single-rb.php

JRM Vol.19 No.6 pp. 612-618
doi: 10.20965/jrm.2007.p0612
(2007)

Paper:

Portable Pneumatic Actuator System Using MH Alloys, Employed as Assistive Devices

Mitsuru Sato*, Shuichi Ino**, Naoki Yoshida***, Takashi Izumi****,
and Tohru Ifukube**

*Department of Physical Therapy, School of Nursing and Rehabilitation Sciences, Showa University, Yokohama, Kanagawa, Japan

**Research Center for Advanced Science and Technology, University of Tokyo, Tokyo, Japan

***Institute of Rehabilitation Science, Tokuyukai Medical Corporation, Toyonaka, Osaka, Japan

****Department of Electronic and Information Technology, School of Engineering, Hokkaido Tokai University, Sapporo, Hokkaido, Japan

Received:
March 28, 2007
Accepted:
August 25, 2007
Published:
December 20, 2007
Keywords:
metal hydride, actuator, assistive device, wheelchair, motion aid
Abstract

Metal hydride (MH) actuators that use reversible reaction between heat and mechanical energy are suitable as a power source for rehabilitation or assistive devices. To avoid the risk of a hydrogen drive and obtain broader use than conventional MH actuators, we developed an MH air compressor that converts the hydrogen pressure of the MH actuator to air pressure. Although this compressor requires time to restore consumed air, it has the advantages of small size and flexible shape. Sit-to-stand motion aid for a wheelchair user that is the size of a seat cushion was developed using the MH air compressor.

Cite this article as:
Mitsuru Sato, Shuichi Ino, Naoki Yoshida, Takashi Izumi, and
and Tohru Ifukube, “Portable Pneumatic Actuator System Using MH Alloys, Employed as Assistive Devices,” J. Robot. Mechatron., Vol.19, No.6, pp. 612-618, 2007.
Data files:
References
  1. [1] T. Sasaki, T. Kawashima, H. Aoyama, T. Ifukube, and T. Ogawa, “Development of an Actuator by using Metal Hydride,” J. Robotics Society of Japan, 4(2), pp. 45-48, 1986.
  2. [2] S. Ino, T. Izumi, M. Takahashi, and T. Ifukube, “Design of an actuator for tele-existence display of position and force to human hand and elbow,” Journal of Robotics and Mechatronics, Vol.4, No.1, pp. 43-48, 1992.
  3. [3] S. Ino, H. Hosoe, T. Izumi, M. Takahashi, T. Ifukube, and M. Muro, “Design of a small-sized actuator using a metal hydride for the aid of the upper limb disabled,” in Proc. 31st Conf. Japan Soc. Med. Elec. Biologic. Eng., 30, p. 297, 1992.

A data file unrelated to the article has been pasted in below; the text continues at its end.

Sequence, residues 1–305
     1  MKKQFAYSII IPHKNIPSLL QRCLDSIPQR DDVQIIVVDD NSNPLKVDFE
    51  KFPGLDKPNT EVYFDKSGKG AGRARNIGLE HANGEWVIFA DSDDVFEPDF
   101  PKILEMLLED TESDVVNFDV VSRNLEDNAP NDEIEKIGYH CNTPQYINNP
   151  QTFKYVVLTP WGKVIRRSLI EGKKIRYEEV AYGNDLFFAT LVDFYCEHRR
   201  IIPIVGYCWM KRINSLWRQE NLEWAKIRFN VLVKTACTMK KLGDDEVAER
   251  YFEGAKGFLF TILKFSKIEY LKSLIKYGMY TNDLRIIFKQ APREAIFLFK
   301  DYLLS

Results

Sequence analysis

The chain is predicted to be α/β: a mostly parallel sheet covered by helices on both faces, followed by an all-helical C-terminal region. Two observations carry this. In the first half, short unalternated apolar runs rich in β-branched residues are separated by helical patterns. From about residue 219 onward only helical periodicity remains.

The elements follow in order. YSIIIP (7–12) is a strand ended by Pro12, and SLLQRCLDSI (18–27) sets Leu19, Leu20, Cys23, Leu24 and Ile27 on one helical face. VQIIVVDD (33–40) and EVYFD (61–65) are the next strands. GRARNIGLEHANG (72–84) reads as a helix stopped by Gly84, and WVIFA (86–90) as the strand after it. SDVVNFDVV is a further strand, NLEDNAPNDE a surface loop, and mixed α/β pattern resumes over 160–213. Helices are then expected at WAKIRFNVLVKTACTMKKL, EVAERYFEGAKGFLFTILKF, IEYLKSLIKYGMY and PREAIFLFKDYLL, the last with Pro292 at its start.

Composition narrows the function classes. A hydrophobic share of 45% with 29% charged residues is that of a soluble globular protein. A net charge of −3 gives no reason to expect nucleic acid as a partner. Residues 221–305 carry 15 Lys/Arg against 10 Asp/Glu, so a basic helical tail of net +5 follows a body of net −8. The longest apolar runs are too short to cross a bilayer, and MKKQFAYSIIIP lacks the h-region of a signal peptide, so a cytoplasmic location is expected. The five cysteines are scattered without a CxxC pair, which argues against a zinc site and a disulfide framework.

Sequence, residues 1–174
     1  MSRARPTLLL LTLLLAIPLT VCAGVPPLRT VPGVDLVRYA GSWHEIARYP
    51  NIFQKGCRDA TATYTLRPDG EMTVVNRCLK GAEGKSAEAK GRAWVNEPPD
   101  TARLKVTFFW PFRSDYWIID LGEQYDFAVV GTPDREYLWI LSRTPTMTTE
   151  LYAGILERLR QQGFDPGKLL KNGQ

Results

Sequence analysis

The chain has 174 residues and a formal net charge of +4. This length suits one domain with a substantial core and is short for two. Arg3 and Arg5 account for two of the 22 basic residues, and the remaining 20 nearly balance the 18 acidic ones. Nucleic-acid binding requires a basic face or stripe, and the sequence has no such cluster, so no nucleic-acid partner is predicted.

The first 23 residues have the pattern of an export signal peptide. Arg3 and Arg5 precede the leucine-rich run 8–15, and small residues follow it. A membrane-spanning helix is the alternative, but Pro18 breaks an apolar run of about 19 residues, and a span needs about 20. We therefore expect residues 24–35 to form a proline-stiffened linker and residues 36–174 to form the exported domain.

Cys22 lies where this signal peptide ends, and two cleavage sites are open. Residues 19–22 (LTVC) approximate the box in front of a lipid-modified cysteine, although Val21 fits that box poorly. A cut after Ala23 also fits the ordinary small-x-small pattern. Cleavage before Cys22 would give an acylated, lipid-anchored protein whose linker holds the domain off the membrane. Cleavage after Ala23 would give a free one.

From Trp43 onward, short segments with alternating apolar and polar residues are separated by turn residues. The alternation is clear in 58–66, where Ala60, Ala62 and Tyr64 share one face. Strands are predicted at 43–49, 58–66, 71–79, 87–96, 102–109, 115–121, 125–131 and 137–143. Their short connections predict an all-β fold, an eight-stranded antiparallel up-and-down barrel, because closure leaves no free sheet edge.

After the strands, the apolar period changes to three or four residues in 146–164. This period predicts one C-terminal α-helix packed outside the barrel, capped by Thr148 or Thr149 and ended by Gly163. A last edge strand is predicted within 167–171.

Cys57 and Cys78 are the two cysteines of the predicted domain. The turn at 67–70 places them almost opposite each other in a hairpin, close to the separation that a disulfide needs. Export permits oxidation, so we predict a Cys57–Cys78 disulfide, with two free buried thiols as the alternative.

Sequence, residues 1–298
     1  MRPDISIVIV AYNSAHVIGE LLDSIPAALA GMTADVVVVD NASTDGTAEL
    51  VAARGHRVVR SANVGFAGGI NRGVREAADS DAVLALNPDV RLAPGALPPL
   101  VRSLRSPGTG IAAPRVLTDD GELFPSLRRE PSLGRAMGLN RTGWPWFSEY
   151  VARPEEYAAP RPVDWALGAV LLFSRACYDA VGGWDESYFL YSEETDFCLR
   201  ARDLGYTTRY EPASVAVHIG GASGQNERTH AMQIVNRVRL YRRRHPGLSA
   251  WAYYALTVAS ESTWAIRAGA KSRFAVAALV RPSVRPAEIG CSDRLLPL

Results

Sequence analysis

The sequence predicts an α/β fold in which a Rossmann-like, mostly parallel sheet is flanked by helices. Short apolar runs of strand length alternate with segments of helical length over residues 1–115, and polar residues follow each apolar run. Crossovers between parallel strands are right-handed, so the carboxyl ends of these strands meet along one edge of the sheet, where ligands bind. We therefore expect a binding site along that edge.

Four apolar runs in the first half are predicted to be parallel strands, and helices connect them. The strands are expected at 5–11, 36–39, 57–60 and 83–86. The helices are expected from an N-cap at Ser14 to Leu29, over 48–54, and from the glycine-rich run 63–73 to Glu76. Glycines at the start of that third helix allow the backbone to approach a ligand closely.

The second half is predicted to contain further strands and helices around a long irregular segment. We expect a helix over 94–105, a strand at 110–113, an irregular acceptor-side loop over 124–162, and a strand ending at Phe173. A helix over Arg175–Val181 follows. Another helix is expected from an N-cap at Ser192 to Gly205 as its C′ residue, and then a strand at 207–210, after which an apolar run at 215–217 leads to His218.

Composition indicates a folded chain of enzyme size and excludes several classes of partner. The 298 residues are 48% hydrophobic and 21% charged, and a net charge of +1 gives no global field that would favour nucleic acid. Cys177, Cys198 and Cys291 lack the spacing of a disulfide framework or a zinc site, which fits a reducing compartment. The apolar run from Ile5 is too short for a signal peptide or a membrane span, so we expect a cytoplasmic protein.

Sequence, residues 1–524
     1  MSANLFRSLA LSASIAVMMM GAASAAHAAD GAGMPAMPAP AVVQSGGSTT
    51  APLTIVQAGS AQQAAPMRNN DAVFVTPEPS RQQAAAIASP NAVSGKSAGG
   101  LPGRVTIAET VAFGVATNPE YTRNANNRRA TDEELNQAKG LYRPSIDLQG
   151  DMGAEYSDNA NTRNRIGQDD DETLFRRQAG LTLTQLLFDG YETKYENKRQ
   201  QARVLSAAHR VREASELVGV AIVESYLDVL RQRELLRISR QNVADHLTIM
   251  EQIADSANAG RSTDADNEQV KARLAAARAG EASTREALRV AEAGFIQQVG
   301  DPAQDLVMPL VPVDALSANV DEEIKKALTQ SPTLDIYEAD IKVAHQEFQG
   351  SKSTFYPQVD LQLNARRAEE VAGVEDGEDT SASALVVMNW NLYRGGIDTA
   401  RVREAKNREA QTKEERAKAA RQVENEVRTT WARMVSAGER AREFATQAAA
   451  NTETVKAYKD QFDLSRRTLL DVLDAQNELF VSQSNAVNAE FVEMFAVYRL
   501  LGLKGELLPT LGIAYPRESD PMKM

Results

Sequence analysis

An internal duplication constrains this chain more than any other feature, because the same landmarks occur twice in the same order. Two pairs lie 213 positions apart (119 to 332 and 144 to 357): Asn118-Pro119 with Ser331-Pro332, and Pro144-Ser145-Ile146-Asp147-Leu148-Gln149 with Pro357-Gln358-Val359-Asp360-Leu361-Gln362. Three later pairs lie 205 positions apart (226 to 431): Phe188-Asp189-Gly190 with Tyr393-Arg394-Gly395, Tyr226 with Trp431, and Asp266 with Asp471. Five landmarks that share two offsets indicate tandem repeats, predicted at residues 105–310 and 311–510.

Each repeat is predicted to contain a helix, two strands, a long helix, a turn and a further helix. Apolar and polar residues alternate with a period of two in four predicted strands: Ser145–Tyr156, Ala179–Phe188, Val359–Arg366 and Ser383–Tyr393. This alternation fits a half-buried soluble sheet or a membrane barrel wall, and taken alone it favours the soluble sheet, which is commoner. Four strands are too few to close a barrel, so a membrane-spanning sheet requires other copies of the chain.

4. [4] S. Shimizu, S. Ino, M. Sato, T. Odagawa, T. Izumi, M. Takahashi, and T. Ifukube, “A basic study of a force display using metal hydride actuator,” in Proc. IEEE Int. Workshop on Robot and Human Commun. RO-MAN’93, Tokyo, Japan, pp. 211-214, 1993.
  5. [5] S. Shimizu, S. Ino, T. Izumi, M. Takahashi, and T. Ifukube, “Development of actuator using metal hydride for force display to elbow joint,” Journal of Robotics and Mechatronics, Vol.5, No.3, pp. 220-225, 1993.
  6. [6] Y. Wakisaka, M. Muro, T. Kabutomori, H. Takeda, T. Izumi, S. Ino, and T. Ifukube, “Application of hydrogen absorbing alloys to medical and rehabilitation equipment,” IEEE Trans. Rehabil. Eng., 5(2), pp. 148-157, 1997.
  7. [7] T. Tsuruga, S. Ino, T. Ifukube, M. Sato, T. Tanaka, T. Izumi, and M. Muro, “A basic study for a robotic transfer aid system based on human motion analysis,” Adv. Robot., 14(7), pp. 579-595, 2000.
  8. [8] M. W. Rodosky, T. P. Andriacchi, and G. B. Andersson, “The influence of chair height on lower limb mechanics during rising,” J. Orthop. Res., 7(2), pp. 266-271, 1989.
  9. [9] M. A. Hughes, D. K. Weiner, M. L. Schenkman, R. M. Long, and S. A. Studenski, “Chair rise strategy in the functionally impaired elderly,” Clin. Biomech., 9(3), pp. 187-192, 1994.
  10. [10] M. Schenkman, P. O. Riley, and C. Pieper, “Sit to stand progressively lower seat heights – alterations in angular velocity,” Clin. Biomech., 11(3), pp. 153-158, 1996.
  11. [11] M. A. Hughes, B. S. Myers, and M. L. Schenkman, “The role of strength in rising from a chair in the functionally impaired elderly,” J. Biomech., 29(12), pp. 1509-1513, 1996.

*This site is desgined based on HTML5 and CSS3 for modern browsers, e.g. Chrome, Firefox, Safari, Edge, Opera.

Last updated on May. 17, 2021